One might think that that was the end of the environmental and human rights violations in Mahan. But this is far from the sad reality. On August 29, 2016, the Ministry of Coal allotted (under Rule 11(10) of the Coal Mines (Special Provisions) Rules) the Amelia coal block to THDC India Limited (formerly Tehri Hydro Development Corporation Limited), a company jointly promoted by the Government of India and the Government of Uttar Pradesh, in order to meet the requirement of its Khurja Super Thermal Power Project (2 × 660 MW). The initial land acquisition process for the Amelia coal block began in 2007, and the award for coal mining was made in 2009 to a joint venture of MP Sainik Coal Mining Pvt. Ltd and Madhya Pradesh State Mining Corporation Ltd. After the award was made nothing happened; compensation was not paid, nor were communities displaced, but people were told that they were not to carry out any work, even repairs to broken homes, in the region where land was acquired.

A large portion of the Singrauli coalfield, which includes the Amelia coal block, lies within the Sanjay Dubri National Park and the Guru Ghasidas National Park. Some of the demarcated coal blocks threaten forest connectivity between the Sanjay Dubri/Guru Ghasidas cluster and the Bagdara Wildlife Sanctuary to the north. This connectivity occurs through two main and somewhat parallel forest corridors: the Dongrital-Mahan-Chatrasal-Amelia corridor and another to the west of the Gurumbara coal blocks. The project will not only impact the sal forests and the livelihoods of thousands of forest-dwelling communities in the region but will also end the contiguity of one of central India’s best unfragmented forest zones spread over 20,000 ha. Allowing the coal block to be exploited could mean opening the way for several others awaiting approvals, which will further fragment the forests in the region.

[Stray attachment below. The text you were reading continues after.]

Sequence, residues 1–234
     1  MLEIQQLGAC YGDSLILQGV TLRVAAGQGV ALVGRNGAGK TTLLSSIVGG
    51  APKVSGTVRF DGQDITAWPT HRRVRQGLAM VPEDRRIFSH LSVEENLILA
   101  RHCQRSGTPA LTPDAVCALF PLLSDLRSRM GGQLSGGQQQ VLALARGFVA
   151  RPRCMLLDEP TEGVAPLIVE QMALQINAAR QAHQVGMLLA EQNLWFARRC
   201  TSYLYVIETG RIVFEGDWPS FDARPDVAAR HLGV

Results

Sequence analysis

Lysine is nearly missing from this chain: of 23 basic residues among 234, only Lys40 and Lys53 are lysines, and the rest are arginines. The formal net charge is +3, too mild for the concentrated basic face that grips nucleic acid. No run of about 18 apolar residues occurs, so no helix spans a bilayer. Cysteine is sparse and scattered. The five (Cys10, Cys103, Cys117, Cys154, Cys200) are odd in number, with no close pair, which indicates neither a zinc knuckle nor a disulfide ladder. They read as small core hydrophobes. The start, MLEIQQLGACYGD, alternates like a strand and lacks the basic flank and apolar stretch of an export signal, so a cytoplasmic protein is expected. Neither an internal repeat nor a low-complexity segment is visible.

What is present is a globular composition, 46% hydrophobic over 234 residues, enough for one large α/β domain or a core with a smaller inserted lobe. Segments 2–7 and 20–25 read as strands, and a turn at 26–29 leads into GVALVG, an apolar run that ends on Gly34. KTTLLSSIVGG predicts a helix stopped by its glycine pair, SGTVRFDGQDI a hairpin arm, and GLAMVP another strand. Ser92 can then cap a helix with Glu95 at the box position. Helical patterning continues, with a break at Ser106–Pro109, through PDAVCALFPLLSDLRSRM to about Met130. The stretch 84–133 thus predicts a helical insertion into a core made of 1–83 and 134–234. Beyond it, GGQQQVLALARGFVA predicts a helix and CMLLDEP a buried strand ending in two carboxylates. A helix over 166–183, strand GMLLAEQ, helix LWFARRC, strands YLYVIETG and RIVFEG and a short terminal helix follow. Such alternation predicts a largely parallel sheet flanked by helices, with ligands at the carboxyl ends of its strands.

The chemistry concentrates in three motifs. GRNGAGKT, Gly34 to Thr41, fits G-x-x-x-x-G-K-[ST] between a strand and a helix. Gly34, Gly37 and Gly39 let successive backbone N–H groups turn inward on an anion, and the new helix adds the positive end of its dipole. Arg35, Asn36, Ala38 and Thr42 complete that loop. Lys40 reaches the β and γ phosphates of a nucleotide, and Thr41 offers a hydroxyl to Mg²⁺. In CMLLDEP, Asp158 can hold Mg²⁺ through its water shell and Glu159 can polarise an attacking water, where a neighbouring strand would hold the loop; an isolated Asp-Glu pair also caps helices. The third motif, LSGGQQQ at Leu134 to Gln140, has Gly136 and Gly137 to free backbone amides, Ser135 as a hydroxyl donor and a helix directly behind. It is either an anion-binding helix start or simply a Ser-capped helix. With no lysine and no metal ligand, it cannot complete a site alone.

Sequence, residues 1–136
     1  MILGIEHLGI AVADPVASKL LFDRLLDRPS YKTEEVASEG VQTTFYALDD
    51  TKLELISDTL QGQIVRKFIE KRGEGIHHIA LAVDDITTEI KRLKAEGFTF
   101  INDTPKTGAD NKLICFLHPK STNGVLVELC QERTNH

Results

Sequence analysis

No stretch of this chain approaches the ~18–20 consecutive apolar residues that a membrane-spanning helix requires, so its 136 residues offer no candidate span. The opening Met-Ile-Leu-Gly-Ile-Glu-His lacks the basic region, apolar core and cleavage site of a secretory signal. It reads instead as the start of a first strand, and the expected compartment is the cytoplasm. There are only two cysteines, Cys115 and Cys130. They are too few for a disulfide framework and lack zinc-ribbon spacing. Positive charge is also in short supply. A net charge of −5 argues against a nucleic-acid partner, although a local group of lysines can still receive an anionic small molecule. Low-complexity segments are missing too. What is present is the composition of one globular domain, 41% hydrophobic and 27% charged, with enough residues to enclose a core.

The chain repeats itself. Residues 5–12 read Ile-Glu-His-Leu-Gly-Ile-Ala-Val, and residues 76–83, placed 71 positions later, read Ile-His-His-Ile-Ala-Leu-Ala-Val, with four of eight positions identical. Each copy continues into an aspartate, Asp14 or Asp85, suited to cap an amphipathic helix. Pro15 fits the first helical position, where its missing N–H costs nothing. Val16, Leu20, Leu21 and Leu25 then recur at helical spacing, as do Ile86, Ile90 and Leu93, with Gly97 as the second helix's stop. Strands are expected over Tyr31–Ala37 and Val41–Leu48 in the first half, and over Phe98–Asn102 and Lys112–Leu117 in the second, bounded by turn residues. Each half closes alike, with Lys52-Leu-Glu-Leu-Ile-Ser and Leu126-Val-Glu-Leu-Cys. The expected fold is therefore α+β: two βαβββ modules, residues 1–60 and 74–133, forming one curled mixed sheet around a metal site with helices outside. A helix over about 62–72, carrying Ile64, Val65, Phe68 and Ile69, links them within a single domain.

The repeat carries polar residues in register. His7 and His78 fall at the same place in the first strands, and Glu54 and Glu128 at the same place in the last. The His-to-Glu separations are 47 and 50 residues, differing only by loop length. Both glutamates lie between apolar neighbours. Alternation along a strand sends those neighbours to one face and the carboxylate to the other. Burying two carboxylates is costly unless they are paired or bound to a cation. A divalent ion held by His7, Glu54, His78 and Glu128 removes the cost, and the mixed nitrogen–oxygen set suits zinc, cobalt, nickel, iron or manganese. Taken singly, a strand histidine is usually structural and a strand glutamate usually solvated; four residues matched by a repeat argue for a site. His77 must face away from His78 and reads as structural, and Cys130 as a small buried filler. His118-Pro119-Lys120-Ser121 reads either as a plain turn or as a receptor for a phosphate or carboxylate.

If the allocation of the Mahan coal block was cancelled because it was deemed inviolate, one would have to believe that the same holds good for the other blocks in the region. The allocation of the Amelia coal block clearly shows that the government does not follow a common rationale or set of rules when it takes important decisions relating to the rights of communities and the environment. The fact that there are previous decisions in favour of the environment and community rights does not deter the government from going ahead and making allocations that are arbitrary and illogical. The ongoing fight against displacement and the proposed Amelia coal block reminds one that the fight to save resources, rights and the environment will continue for a long time, especially for communities that reside in the mineral-rich, forested regions of the country.

Priya Pillai is a social environmental activist focussing on the energy sector with a special reference to tribal land rights.

Notes

1. The free and prior informed consent of the gram sabha, which is mandatory for forest land diversion, was forged and the no-objection certificate was granted on the basis of the forged document.

2. Singrauli is among the 10 most polluted industrial clusters in the country according to the Comprehensive Environmental Pollution Index (http://cpcbenvis.nic.in/industrial_pollution.html#)

3. The observations made by the Forest Advisory Committee meetings: http://www.moef.nic.in/downloads/public-information/Mahan.pdf.

4. http://www.governancenow.com/news/regular-story/government-grants-stage-ii-clearance-mahan

5. http://www.downtoearth.org.in/news/mahan-at-all-costs-34230